Inexpensive SLS 3D Printing Just Got a Bit Easier

A part 3D printed on the Sinterit Lisa

A part 3D printed on the Sinterit Lisa

Autodesk and Sinterit announced Netfabb support for the startup company’s inexpensive SLS 3D printer, opening a window for increased access to the powerful 3D printing process. 

SLS is one of the more notable 3D printing processes, having been popularized by 3D Systems over the years with their powerful line of SLS 3D printers. The process involves using a laser to selectively sinter layers of plastic powder together to form solid 3D objects. 

The process or processes similar have been used by other companies, including EOS, who currently make what might be the most popular models used for SLS 3D printing. 

But there’s one issue with those SLS machines: they are quite expensive. 

That’s where Sinterit comes in. The company last year announced the “Lisa”, a relatively inexpensive desktop SLS 3D printer, capable of 3D printing strong, high quality nylon objects, much like its larger competitors. 

Their pricing was certainly more than you’d pay for common desktop 3D printers, at over USD$10,000 per unit, but it’s vastly less than what you might pay EOS or 3D Systems for SLS-like 3D printers.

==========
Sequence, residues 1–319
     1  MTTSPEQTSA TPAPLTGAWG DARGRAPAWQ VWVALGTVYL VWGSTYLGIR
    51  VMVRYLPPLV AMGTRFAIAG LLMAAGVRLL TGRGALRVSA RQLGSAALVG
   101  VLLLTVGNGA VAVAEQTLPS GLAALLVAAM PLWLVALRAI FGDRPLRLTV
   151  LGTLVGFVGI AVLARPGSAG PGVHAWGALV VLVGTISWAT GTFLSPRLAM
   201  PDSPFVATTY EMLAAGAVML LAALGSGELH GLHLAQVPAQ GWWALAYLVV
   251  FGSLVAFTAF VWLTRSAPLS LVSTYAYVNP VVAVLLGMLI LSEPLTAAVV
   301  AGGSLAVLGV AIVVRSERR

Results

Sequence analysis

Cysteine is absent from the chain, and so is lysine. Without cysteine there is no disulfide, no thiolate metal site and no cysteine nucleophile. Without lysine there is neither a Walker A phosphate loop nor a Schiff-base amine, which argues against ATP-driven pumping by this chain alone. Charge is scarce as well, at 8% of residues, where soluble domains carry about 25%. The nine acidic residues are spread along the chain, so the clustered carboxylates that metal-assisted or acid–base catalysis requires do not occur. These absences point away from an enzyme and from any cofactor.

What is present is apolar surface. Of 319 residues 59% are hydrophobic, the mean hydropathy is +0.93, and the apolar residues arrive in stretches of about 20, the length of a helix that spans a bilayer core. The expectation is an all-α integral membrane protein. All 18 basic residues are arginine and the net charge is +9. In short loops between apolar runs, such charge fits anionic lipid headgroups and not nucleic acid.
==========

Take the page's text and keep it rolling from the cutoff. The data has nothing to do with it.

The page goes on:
But this week Sinterit took a very strategic step by arranging for Autodesk to include the Sinterit Lisa as a supported system in its popular Netfabb 3D print management tool. 

Yes, you could run the Sinterit Lisa before this announcement, but when you can also do so from Netfabb, it makes things a lot easier for exactly the type of client Sinterit is looking for: clients with existing 3D printers that are seeking less expensive alternatives. 

Such clients likely have a workflow process that involves using a variety of software, and quite possibly Netfabb. If so, adding a Sinterit Lisa would minimize the training requirements for their operators, who could simply continue to use Netfabb- just on a new machine. 

Don’t underestimate the effect of this; decisions in big companies are made on not only the cost of hardware, but also on the cost of software and labor involved in any proposal. This maneuver reduces two of those three factors, possibly significantly. 

It’s good news for Sinterit, who will likely sell additional Lisa units as a result. But that’s also good for everyone as the overall price for SLS 3D printing may begin to drop. 

Via Sinterit

General Fabb

Kerry Stevenson, aka "General Fabb" has been writing Fabbaloo posts since he launched the venture in 2007, with an intention to promote and grow the incredible technology of 3D printing across the world. So far, it seems to be working!

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